© 2015 André Olschewski • Skat
Project starts: 2015
Project finished: 2016
Collaborators & Partners: UNICEF, Skat
Over the recent decades, in many countries, significant progress has been achieved in improving access to rural water supplies. However, it will be almost impossible to reach universal access by using community supply models alone, as this approach will simply be too costly. For achieving the Sustainable Development Goals (SDGs) and ensuring universal access to water for all, new approaches and a shift in mindset and policies are needed.
Supported Self-supply is a very cost effective service delivery approach which is complementary to communal supplies, is aligned with Human Rights principles, supports equity and inclusiveness and achieving several SDGs.
UNICEF and Skat have collaborated on a review of supported Self-supply in Zambia and in Zimbabwe which was conducted in 2015 and reflects on findings from discussions at national workshops in Zambia, Zimbabwe and Malawi and from a webinar on supported Self-supply and Human Rights to Water organized by the Rural Water Supply Network (RWSN).
Reach and benefits:
- Self-supply is practised by millions of rural households in Sub-Sahara Africa as well as in Europe, USA and other areas of the world.
- Benefits reported from having access to Self-supply water sources include convenience, less time spent for fetching water and access to more and better quality water. In some areas, Self-supply sources offer important added values such as water for productive use, income generation, family safety and improved food security.
- Sustainability of services from Self-supply is high as there is strong ownership by people investing in own sources.
- As Self-supply sources are shared sources, many people, including poor and vulnerable households, benefit from investments in Self-supply, often at no costs. This means that Self-supply can be effective in reaching the hard-to-reach.
- For millions of people in rural areas of Africa, supported Self-supply will be the most cost effective service delivery model to provide access to safe water. This also includes those parts of the population which actually have poor access as they e.g. cannot afford water from communal supplies.
- However, in areas where external support for Self-supply is lacking, only marginal improvements can usually be achieved, and the quality of services is lower than in areas where a dedicated support effort was made.
Costs and business model for supported Self-supply
- In many rural contexts, supported Self-supply is the most cost effective approach for water service delivery. However, as it is not applicable in all contexts, a blended approach combining communal water supply and supported Self-supply models should be followed.
- Based on a Life Cycle Cost (LCC) analysis of different service delivery approaches, the LCC for communal supplies are about 40 US$/capita served in the study countries, whereas the LCC for supported Self-supply is about 10 U$/capita.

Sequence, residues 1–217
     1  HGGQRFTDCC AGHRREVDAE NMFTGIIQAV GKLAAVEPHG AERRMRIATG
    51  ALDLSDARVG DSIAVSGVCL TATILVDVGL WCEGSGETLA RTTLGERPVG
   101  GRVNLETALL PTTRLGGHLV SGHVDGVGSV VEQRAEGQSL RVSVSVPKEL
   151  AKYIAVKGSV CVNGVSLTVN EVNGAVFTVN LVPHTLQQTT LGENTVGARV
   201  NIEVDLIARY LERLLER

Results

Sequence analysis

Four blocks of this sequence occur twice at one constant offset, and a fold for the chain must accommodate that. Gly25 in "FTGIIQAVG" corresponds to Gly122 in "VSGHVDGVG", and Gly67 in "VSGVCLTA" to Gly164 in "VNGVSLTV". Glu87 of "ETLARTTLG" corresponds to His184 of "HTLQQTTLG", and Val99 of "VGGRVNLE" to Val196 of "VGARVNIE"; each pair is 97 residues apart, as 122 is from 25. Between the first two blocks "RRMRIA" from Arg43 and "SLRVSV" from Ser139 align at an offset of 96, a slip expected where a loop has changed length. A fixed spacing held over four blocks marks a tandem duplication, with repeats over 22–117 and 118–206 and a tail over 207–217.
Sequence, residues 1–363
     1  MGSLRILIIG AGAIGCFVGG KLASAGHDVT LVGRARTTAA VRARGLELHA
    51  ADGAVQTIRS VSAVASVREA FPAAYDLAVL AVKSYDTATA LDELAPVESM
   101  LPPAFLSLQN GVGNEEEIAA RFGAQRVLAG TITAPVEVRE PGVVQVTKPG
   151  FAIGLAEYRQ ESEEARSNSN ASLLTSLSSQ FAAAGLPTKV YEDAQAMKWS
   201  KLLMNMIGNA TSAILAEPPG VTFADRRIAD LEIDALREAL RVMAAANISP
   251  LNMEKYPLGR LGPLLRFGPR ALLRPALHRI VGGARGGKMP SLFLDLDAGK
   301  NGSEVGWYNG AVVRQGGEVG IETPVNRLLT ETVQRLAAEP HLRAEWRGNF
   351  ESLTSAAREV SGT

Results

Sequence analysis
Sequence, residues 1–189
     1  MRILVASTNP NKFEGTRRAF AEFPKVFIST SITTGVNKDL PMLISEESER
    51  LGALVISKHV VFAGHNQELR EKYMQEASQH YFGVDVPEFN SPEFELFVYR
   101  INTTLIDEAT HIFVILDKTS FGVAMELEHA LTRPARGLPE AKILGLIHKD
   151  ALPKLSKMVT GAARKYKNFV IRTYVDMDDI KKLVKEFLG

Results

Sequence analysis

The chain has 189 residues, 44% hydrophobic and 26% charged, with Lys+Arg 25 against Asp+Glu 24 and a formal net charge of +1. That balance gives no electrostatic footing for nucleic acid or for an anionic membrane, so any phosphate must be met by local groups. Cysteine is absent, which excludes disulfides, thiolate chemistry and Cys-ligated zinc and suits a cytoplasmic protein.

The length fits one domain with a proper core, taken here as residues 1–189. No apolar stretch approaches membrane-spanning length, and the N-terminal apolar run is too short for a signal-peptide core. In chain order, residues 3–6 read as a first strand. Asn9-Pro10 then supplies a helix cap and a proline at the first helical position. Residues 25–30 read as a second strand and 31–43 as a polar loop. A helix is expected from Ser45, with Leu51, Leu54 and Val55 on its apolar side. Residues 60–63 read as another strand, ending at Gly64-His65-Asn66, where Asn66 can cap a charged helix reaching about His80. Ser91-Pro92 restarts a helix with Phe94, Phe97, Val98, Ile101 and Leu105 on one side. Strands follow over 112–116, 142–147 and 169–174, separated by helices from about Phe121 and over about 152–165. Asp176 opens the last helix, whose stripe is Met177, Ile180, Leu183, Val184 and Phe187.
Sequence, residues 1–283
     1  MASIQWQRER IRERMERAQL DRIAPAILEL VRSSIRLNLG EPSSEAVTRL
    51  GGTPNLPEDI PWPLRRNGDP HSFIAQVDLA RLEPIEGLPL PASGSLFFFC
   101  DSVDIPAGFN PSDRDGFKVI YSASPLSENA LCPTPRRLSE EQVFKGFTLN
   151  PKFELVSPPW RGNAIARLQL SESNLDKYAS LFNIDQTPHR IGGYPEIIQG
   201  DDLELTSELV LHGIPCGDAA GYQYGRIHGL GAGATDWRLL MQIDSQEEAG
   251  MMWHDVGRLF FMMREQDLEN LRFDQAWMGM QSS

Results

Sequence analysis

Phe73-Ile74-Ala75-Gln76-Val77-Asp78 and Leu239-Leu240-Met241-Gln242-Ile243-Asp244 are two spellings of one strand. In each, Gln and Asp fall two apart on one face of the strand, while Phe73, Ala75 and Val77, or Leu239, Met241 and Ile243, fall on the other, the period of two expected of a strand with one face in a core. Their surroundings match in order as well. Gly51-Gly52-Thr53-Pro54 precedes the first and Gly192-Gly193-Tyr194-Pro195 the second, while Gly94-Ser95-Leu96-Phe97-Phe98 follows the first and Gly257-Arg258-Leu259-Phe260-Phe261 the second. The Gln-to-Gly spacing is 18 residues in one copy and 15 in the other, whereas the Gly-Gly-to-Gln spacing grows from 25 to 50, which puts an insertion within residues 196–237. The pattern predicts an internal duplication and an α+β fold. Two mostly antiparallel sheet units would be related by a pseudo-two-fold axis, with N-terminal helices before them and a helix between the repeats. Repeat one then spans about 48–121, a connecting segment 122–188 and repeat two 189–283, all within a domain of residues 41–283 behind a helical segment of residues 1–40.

- In sparsely populated areas, communal supplies (e.g. handpumps) are even more costly (up to 100 U$/capita served) as only few people can be served with one additional unit. Serving all rural people with communal supply is therefore not financially viable.
- Considering the applicability of Self-supply technologies, in Zambia and Zimbabwe, the cost saving of following a blended approach using both communal supplies and supported Self-supply is almost 50% of the total LCC for reaching 100% of the population by 2030. These cost savings are equivalent to more than 330 million US$ in Zambia and more than 260 million US$ in Zimbabwe.
Support services needed
- Supported Self-supply is a service delivery model putting support services in place to improve Self-supply, so it is not about a particular technology.
- Supported Self-supply is aligned with the Human Rights to Water and Sanitation, which allows a progressive realisation of the universal access to safe water. However, supported Self-supply is not a way to exempt government from its duties: Government has specific roles to play to ensure that everybody will have access to safe water finally.
- To sustain and to take Self-supply to scale there is need for contextualised support as well as long-term engagement, capacity development at all levels, M&E and technical support, reliable funding and learning and sharing.
- Interministerial cooperation and champions within government agencies are needed to ensure sustainable embedding and for taking Self-supply further, particularly in remote rural areas.
- There is no-one-size-fits-all solution for supported Self-supply – for each programme, it needs a contextualized design and follow-up to achieve desired impact.
- Hygiene promotion, including Household Water Treatment and Safe Storage (HWTS), is highly recommended for any non-piped water supply services, including Self-supply water sources.
- The huge potential for substantially improving the level of water supply for millions of people in rural areas should be accessed through supported Self-supply. Some countries have endorsed supported Self-supply as service delivery model, such as Zimbabwe or Sierra Leone, and in Ethiopia, Self-supply is now being scaled up at national level.
This Synthesis report summarises the results of a UNICEF funded review of supported Self-supply in Zambia and in Zimbabwe which was conducted in 2015 and reflects on findings from discussions at national workshops in Zambia, Zimbabwe and Malawi and from a webinar on supported Self-supply and Human Rights to Water organized by the Rural Water Supply Network (RWSN).